17. 4 out of 5

    Jamie Rich

    Chill (Jacob's Ladder, #2) by Elizabeth Bear If Dust didn't blow you away, this sequel will! Just when you thought it was safe to be in Jacob's Ladder, you will be killed. But death may, or may not, be all that permanent. In a spaceship known simply as the world, that left Earth how many generations ago, and is headed to who knows where, the onboard family schisms and power struggles are all to real. And the family that Rules them all, the Conns (nifty name there) is by parts, as sadistic, Chill (Jacob's Ladder, #2) by Elizabeth Bear If Dust didn't blow you away, this sequel will! Just when you thought it was safe to be in Jacob's Ladder, you will be killed. But death may, or may not, be all that permanent. In a spaceship known simply as the world, that left Earth how many generations ago, and is headed to who knows where, the onboard family schisms and power struggles are all to real. And the family that Rules them all, the Conns (nifty name there) is by parts, as sadistic, manipulative and power hungry as they come. Yet they also boast some of the most heroic, and also some of the most talented people on board. You'll just hafta read this continuation!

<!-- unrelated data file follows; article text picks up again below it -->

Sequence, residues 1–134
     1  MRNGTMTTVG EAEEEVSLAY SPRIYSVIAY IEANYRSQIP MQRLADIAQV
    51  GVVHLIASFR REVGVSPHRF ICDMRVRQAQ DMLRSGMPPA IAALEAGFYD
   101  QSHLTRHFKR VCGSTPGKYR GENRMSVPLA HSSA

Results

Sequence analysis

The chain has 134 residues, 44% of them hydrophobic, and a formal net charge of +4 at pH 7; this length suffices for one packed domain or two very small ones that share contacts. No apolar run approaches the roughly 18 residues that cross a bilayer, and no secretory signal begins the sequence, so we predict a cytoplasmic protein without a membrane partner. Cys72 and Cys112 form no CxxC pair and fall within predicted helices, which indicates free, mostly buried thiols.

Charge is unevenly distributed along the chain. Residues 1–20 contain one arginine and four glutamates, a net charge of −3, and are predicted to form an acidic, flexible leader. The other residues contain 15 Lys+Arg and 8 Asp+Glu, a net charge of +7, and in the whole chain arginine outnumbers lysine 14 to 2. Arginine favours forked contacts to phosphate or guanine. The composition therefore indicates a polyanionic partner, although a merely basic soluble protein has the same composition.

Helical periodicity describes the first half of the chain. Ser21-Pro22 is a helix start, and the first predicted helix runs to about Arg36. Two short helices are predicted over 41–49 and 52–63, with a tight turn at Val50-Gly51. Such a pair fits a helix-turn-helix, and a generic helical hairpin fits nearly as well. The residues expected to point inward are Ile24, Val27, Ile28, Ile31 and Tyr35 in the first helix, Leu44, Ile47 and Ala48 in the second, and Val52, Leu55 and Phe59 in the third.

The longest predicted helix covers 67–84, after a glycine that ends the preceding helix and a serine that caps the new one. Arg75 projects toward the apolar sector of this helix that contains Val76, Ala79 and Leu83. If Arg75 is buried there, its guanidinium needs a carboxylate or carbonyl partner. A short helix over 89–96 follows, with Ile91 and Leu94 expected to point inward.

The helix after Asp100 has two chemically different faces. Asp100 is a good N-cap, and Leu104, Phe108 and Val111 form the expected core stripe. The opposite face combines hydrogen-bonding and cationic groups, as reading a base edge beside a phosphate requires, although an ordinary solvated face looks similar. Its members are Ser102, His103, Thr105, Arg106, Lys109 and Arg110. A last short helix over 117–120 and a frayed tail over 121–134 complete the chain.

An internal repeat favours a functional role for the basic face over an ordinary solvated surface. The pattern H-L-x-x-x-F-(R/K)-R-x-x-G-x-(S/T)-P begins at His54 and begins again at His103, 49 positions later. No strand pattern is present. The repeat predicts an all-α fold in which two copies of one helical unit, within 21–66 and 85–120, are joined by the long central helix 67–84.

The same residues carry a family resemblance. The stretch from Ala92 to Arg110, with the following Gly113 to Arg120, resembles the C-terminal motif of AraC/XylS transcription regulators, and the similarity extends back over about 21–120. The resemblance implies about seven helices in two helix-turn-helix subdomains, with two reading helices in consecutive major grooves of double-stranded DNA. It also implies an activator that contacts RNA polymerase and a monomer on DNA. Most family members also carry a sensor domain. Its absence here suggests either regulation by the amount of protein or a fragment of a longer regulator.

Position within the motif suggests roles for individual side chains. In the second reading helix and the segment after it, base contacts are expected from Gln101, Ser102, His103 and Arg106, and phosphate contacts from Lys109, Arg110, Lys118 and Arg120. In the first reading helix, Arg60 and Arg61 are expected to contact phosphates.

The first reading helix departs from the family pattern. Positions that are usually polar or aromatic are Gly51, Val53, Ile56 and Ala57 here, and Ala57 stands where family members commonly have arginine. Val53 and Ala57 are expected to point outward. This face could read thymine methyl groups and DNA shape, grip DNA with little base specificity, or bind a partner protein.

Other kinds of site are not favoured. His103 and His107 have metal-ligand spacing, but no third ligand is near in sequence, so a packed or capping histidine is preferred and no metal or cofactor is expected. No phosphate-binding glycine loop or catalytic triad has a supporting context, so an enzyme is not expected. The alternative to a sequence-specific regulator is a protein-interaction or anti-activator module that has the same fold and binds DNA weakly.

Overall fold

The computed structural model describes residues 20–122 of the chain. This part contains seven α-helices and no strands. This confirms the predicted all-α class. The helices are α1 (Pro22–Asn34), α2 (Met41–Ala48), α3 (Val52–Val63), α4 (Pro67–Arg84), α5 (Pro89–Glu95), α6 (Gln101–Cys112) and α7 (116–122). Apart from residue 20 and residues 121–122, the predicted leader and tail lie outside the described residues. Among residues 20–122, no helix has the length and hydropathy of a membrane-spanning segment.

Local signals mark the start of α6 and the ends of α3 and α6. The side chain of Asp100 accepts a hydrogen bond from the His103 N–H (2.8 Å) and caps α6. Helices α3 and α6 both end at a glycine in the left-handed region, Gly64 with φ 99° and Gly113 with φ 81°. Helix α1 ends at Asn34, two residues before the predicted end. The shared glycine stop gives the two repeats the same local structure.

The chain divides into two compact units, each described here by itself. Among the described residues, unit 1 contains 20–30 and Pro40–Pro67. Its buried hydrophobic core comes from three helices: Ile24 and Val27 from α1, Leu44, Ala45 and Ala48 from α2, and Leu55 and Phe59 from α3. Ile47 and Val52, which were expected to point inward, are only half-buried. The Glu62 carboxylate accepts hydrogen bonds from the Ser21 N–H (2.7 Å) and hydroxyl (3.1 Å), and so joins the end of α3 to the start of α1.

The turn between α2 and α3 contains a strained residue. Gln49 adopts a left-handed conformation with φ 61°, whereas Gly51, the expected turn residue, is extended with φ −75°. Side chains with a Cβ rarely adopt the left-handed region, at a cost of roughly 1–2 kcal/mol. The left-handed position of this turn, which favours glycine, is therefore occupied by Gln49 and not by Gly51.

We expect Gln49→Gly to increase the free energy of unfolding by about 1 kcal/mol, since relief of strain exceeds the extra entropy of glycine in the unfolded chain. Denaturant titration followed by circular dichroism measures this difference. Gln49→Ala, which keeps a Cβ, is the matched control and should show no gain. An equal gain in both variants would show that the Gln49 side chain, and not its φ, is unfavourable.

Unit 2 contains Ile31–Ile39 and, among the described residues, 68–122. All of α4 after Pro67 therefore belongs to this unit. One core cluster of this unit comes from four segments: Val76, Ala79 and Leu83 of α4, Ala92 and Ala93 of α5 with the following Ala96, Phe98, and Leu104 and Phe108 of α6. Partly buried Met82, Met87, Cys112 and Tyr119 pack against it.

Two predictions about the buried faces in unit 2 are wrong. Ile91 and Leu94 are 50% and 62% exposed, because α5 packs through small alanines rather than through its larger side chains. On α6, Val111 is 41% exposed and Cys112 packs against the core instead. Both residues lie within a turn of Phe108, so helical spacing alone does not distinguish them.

18. 5 out of 5

    Mya R

    The world building in this book is amazing. The flora & fauna, the evolution of culture & language, have been given exquisite attention. However, this book goes in a different direction from the first in the series. The main protagonists are different characters, & point of view shifts through many more people. Unfortunately, I never fell in love with any of them. I was fascinated by the world through which they were traveling, but it was a struggle to care how their journey The world building in this book is amazing. The flora & fauna, the evolution of culture & language, have been given exquisite attention. However, this book goes in a different direction from the first in the series. The main protagonists are different characters, & point of view shifts through many more people. Unfortunately, I never fell in love with any of them. I was fascinated by the world through which they were traveling, but it was a struggle to care how their journey resolved. I loved so many things about the first book, to not love this one was a disappointment.

  19. 5 out of 5

    Alytha